Nuclear Power and Nuclear Proliferation (II)

The authors draw a distinction between a growth in nuclear production by countries with current nuclear capabilities, which as we have discussed in class is unlikely to happen in the near term due to cost competitiveness, and a spread in nuclear production into countries that currently lack this technology. They present an interesting analysis contrasting the current states that have nuclear capabilities versus those that aspire for such technology, and highlight differences in their governance, democracy, and record of terrorism incidents. While they point out that there are many practical and economic obstacles that will hinder these nations’ abilities to develop nuclear technology, this is still an important consideration to bear in mind as it might affect the legitimacy and authority of intergovernmental treaties regarding the use of nuclear technology.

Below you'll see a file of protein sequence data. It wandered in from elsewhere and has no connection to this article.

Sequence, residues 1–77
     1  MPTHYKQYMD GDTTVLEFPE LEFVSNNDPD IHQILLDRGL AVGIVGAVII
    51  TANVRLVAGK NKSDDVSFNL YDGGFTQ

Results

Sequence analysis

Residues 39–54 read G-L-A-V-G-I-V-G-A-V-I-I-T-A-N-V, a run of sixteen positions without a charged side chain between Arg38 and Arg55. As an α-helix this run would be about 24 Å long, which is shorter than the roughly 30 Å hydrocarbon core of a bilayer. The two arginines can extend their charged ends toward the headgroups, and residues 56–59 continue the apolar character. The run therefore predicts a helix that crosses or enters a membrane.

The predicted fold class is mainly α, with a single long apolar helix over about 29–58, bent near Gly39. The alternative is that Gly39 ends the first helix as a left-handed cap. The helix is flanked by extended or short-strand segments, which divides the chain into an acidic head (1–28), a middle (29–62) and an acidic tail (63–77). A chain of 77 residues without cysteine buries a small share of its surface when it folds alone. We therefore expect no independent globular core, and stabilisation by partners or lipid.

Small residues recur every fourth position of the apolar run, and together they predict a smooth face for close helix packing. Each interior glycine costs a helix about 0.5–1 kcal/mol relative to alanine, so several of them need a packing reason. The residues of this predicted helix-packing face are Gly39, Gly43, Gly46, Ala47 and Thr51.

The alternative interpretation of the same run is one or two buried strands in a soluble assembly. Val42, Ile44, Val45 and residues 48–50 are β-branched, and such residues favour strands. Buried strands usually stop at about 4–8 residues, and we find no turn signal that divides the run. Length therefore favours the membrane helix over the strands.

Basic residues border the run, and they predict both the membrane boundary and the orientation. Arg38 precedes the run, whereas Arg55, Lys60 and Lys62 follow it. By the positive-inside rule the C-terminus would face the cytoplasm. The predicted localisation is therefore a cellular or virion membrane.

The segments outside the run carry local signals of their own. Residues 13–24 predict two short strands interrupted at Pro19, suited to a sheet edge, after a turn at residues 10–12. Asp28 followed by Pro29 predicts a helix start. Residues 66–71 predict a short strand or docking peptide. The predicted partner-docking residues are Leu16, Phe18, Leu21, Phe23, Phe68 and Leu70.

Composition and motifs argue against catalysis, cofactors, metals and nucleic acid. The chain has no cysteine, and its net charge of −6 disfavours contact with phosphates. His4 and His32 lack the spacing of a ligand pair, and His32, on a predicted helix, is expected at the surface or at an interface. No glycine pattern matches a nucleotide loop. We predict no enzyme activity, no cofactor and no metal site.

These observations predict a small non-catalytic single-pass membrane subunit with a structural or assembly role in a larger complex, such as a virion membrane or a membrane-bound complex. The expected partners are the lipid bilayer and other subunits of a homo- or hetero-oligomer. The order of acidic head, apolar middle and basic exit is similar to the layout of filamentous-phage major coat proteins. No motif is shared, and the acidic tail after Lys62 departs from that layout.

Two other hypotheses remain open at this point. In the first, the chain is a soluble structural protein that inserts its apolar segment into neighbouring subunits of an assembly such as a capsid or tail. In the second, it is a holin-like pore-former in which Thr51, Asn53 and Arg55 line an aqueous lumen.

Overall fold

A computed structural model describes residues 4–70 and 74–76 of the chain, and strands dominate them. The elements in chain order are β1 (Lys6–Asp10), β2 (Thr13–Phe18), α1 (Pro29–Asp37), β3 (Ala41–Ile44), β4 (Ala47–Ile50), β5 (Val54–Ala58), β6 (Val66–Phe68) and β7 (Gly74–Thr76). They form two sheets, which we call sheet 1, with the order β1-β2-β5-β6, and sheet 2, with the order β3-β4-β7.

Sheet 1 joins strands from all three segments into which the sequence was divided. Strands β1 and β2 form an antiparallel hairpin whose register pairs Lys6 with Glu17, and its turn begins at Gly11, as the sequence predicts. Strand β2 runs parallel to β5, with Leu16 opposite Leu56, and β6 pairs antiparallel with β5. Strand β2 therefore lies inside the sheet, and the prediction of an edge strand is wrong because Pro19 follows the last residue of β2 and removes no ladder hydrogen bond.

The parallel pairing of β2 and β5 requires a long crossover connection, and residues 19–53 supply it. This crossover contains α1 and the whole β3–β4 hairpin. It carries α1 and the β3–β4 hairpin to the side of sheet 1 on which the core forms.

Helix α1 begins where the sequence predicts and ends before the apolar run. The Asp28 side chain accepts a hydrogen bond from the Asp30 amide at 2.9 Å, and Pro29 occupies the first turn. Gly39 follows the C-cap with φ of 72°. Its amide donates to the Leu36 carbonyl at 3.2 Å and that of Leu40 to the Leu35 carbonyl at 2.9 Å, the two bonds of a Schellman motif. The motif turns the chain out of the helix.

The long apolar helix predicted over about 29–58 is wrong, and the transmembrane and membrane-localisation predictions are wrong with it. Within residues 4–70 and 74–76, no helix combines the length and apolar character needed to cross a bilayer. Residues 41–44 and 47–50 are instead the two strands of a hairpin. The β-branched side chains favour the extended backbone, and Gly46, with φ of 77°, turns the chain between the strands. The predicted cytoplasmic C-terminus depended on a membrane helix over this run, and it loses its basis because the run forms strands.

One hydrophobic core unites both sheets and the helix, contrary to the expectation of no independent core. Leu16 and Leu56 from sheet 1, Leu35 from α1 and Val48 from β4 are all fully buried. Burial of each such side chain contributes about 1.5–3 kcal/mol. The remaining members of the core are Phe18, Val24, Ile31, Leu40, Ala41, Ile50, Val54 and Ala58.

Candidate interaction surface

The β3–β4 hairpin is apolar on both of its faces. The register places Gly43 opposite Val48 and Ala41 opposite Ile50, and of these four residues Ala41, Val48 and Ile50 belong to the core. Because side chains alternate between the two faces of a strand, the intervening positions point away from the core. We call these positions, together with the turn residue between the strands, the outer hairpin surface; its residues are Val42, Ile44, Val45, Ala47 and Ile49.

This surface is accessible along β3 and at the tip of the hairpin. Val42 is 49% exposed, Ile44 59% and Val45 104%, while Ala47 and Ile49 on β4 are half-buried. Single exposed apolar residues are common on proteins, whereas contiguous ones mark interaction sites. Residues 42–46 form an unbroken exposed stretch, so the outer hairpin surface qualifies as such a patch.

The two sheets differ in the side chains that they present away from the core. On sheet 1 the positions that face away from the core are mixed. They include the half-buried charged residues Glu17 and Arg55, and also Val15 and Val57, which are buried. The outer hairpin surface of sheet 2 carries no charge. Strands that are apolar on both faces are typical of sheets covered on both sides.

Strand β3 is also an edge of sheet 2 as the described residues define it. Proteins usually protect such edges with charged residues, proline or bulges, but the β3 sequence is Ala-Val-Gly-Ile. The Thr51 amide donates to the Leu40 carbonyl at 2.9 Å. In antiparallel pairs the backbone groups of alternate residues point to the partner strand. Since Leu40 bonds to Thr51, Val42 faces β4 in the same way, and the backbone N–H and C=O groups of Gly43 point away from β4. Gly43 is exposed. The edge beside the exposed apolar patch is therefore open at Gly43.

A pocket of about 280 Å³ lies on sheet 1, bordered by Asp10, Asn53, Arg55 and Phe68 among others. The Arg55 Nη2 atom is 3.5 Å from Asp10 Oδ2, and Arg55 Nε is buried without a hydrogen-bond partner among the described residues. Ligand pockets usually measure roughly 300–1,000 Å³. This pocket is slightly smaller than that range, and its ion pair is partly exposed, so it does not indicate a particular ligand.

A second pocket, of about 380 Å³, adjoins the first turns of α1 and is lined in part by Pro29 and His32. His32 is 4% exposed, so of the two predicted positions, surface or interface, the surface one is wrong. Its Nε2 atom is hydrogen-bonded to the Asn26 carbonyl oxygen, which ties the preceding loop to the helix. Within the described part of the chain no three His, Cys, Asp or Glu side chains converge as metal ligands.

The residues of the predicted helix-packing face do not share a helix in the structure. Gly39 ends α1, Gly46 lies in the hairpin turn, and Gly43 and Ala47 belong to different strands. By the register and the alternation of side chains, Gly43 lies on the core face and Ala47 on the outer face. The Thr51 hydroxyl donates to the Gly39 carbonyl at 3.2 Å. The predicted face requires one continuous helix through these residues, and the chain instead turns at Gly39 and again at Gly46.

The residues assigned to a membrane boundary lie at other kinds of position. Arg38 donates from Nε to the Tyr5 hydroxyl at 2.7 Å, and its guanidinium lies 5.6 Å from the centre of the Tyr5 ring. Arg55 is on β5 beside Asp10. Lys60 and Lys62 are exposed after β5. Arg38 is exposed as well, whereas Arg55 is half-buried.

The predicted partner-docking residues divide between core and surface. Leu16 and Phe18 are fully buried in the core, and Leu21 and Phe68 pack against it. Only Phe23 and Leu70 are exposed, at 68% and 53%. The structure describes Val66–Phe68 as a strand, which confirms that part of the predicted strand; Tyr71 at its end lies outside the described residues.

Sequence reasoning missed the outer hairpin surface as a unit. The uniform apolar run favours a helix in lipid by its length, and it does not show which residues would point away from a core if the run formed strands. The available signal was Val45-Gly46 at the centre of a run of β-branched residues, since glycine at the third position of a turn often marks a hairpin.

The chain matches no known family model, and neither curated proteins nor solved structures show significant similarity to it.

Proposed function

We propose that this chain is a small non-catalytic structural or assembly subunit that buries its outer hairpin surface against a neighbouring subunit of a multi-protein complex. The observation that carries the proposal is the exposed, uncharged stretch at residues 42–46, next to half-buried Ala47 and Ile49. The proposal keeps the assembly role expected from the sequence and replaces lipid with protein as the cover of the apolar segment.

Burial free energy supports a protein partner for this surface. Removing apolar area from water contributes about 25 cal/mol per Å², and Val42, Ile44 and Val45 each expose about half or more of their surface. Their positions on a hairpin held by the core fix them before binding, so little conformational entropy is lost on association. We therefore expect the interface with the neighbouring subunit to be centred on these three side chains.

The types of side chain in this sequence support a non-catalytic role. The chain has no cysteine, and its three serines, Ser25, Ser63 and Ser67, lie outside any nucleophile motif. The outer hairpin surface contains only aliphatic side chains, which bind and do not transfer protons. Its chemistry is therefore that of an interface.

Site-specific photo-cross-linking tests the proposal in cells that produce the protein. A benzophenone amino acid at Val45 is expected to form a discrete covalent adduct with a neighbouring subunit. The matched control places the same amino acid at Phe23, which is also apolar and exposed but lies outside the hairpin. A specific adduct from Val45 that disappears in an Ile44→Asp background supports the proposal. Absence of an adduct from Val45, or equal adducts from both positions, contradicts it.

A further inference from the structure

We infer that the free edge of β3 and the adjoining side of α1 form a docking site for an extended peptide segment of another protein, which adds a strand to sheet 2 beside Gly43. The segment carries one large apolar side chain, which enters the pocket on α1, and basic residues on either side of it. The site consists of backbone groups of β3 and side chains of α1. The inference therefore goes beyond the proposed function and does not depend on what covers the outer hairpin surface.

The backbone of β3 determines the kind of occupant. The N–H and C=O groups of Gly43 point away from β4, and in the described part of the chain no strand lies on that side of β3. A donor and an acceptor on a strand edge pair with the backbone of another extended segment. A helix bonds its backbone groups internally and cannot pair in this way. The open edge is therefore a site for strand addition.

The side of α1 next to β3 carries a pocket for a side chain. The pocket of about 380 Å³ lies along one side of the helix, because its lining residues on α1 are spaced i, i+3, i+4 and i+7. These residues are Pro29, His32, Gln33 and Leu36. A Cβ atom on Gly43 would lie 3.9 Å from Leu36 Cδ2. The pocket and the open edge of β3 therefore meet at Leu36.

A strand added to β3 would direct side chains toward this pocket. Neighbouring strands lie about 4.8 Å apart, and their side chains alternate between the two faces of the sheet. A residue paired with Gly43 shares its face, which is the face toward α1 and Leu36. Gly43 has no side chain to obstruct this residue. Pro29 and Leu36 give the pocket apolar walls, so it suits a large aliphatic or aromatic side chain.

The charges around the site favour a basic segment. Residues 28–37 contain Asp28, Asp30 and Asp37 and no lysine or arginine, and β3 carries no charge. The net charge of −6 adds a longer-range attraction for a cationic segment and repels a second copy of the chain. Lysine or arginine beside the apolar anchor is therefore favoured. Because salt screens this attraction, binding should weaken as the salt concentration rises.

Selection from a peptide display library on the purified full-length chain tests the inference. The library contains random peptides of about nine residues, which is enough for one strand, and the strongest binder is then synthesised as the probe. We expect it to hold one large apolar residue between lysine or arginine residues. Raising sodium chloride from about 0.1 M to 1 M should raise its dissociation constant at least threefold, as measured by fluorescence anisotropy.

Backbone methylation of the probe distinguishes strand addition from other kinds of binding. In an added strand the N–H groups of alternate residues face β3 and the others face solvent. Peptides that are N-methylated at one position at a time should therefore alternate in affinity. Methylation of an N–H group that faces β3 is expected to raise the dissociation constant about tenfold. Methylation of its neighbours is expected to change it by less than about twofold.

One of their arguments, however, seems contradictory. They claim that one reason countries desire nuclear capabilities is that nuclear weapons remain the “currency of the realm” and are the ticket to the high table of international politics. Because of this, many countries seek this technology in order to acquire the diplomatic and security benefits it provides. The authors argue that this incentive can be lessened by current nuclear weapon states disarming and reducing their arsenals. This, they claim, will devalue and marginalize nuclear weapons. However, this seems overly simplified and optimistic. Pure supply and demand would claim the opposite, that the fewer weapons there are, the more weight the existing ones hold. Therefore if few states have nuclear capabilities, the ones that do will have even greater weight on the international stage. In addition, this ignores subtleties and counterbalances. There are a number of regions in which states desire nuclear weapons in response to a neighboring rival’s weapons. In this instance, a targeted arsenal reduction aimed at the neighboring country, rather than a general international reduction, would be the most effective solution. — A. D.